Sequoia Investment in San Diego’s Provides a Big Holiday Payout

It’s going to be a Merry Christmas this year for many employees at suburban San Diego-based, a privately held company that was founded in the aftermath of the corporate accounting scandal at San Diego’s Peregrine Systems. Perhaps merrier for some more than others.

In a regulatory filing submitted yesterday, discloses that it has raised almost $41.4 million in a venture round that intends to raise more than $66.1 million. Andy Chedrick, the company’s chief financial officer, tells me the entire $66.1 million investment is intended as an opportunity for all of’s 133 employees and founders to cash out some of their founders’ shares by selling them to Menlo Park, CA-based Sequoia Capital.

“We don’t need the round to fund our operations,” Chedrick says. “We’ve been cash-flow positive for 30 months, and we’ve been doing well.” The CFO says has been doubling its revenue “year after year” and the venture round gives employees who have stock options the “ability to capitalize on their compensation.”

It wasn’t disclosed in the filing, but Chedrick tells me the investment was made by Sequoia, the venture firm renowned for its cagey investments in Google, YouTube, Cisco Systems, and others. Sequoia identifies Douglas Leone and Patrick Grady on its website as the partners who are overseeing the firm’s investment, and Leone is on Service-now’s board of directors.

But the regulatory filing also includes an unusually precise—and eyebrow-raising—notation that says: “$37,642,785.94 of the gross proceeds of the offering have been used to repurchase shares of the Company’s Common Stock held by Frederic B. Luddy, the Company’s President, CEO and director, and Andrew J. Chedrick, the Company’s CFO.”

Here at Xconomy, we have learned the hard way that the sparse information that a startup provides in a Form D filing doesn’t necessarily tell the whole story. But Chedrick refused to comment when I asked directly if the notation accurately shows a $37.6 million payout for Service-now’s CEO and CFO. Taken at face value (and with no other interpretation offered), the notation says the CEO and CFO are collecting nearly 57 percent of the $66.1 million round—or nearly 91 percent of the capital raised so far.

Nevertheless, as the Securities and Exchange Commission explains, “Form D is a brief notice that includes the names and addresses of the company’s owners and stock promoters, but contains little other information about the company.”

As we reported in February, was founded when the financial scandal was still burning bright at Peregrine Systems. So a big payout for Service-now’s two top executives might be galling to many people who followed the Peregrine Systems saga over the past seven years, as well as the shareholders who lost billions when Peregrine collapsed into bankruptcy in 2002.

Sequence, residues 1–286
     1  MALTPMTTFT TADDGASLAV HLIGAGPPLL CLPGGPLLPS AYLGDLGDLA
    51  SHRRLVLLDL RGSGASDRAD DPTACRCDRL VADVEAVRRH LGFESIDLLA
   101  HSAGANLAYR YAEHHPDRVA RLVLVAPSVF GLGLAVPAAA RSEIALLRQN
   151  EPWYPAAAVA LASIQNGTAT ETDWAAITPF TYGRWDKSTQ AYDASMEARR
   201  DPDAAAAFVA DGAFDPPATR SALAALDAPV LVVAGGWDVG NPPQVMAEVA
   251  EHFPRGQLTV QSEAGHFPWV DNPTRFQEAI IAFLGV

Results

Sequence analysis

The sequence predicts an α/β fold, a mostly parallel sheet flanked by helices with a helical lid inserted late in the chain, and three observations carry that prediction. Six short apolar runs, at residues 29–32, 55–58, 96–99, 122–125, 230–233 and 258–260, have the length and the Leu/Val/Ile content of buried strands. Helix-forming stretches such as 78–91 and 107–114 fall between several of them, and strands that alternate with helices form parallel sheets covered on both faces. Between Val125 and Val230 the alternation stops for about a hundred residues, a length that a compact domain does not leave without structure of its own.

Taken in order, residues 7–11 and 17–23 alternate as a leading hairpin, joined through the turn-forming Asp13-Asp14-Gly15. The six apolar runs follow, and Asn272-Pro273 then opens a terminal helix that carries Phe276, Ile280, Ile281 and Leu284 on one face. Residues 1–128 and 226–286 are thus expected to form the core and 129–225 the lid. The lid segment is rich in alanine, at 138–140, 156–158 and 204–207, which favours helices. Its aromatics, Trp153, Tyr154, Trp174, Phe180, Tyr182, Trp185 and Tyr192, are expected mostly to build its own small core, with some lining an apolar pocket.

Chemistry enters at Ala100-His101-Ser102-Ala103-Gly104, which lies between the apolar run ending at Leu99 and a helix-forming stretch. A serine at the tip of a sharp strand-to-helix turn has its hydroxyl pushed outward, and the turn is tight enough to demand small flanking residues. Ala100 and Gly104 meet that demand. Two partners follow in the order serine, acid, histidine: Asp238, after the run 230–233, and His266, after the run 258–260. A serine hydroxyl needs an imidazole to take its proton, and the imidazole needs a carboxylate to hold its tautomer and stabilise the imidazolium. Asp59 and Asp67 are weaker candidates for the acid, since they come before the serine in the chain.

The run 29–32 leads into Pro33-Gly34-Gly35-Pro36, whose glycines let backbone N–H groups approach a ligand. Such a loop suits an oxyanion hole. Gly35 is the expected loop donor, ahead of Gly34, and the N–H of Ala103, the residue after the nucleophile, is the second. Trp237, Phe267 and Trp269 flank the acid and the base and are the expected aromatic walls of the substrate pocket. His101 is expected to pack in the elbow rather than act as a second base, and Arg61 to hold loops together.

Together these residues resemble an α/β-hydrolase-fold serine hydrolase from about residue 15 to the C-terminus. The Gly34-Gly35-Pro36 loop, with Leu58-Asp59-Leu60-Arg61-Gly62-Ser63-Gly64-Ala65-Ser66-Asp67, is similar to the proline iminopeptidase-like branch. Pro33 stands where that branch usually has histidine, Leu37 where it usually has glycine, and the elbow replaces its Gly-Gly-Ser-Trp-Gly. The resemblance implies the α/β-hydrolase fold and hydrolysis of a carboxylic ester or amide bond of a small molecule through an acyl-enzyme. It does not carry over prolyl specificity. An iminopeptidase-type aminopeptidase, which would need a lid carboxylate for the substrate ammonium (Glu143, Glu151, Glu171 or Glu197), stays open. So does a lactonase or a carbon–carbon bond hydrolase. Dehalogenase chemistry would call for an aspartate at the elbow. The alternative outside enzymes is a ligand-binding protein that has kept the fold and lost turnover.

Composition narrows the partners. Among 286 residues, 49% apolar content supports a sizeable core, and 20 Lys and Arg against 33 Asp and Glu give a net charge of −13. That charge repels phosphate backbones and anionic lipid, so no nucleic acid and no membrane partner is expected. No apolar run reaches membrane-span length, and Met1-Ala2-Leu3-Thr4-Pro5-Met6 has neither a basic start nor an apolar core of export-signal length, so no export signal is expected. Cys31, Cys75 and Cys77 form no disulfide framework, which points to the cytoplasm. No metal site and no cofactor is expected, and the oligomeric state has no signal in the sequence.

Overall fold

The ensuing federal investigation resulted in 15 guilty pleas among key Peregrine figures—including CEO Stephen Gardner and CFO Matt Gless—for conspiracy, securities fraud and other federal charges. The feds uncovered a nearly three-year effort by Peregrine insiders to inflate the company’s software sales (and hide its debt and losses) to keep the company’s stock price flying high.

Luddy, who was Peregrine Systems’ chief technology officer, and his brother Rob (who had also worked at Peregrine) founded in 2003, after they had left Peregrine, to basically meet the same business needs that Peregrine had served when it was one of San Diego’s hottest technology stocks.

Peregrine Systems specialized in enterprise software that helps big companies and other organizations keep track of their assets, including computers, software licenses, and other equipment. Peregrine also had developed software that was installed within the firewall of corporate computer networks to help system administrators manage their “help desk” operations.

Luddy developed’s software to do basically do the same thing—except that instead of selling software as a product, it is designed to operate as Web-based SaaS (Software as a Service) that is maintained and updated on computers controlled by As Luddy told me in 2007, “There’s almost no similarity in how the software was built or is delivered, how it performs, is maintained, and how it is paid for.”

Still, the Peregrine scandal cast a long shadow, and there are several connections between the now-defunct company and One is that has raised about $7.5 million in venture capital from the San Diego office of JMI Equity, the private investment firm established by John Moores, who was Peregrine Systems’ biggest investor and longtime chairman. (JMI general partner Paul Barber and venture partner Charles Ramsey continue to sit on Service-Now’s board of directors.)

Moores became a lightning rod for investors’ ire throughout the Peregrine debacle because he had sold nearly his entire majority stake in Peregrine before the financial wrongdoing became public. Moores’ lawyers argued successfully, however, that he knew nothing about the fraud. That positioned was buttressed by former CEO Gardner, who testified in federal court that he had repeatedly lied to Peregrine’s board.

In a way, Luddy and Service-now have started over with a new vision of software that was well-regarded by many software industry veterans, despite Peregrine’s financial scandal. And while Luddy was a senior Peregrine executive, he has managed to convey the impression that he was in the basement writing code while others were busy exaggerating sales. The feds never charged Luddy with any criminal wrongdoing, and Chedrick never worked at Peregrine.

Under the circumstances, it’s hard to believe the Form D notation is right. But then, again, how could it be wrong?

Bruce V. Bigelow was the editor of Xconomy San Diego from 2008 to 2018. Read more about his life and work here. Follow @bvbigelow

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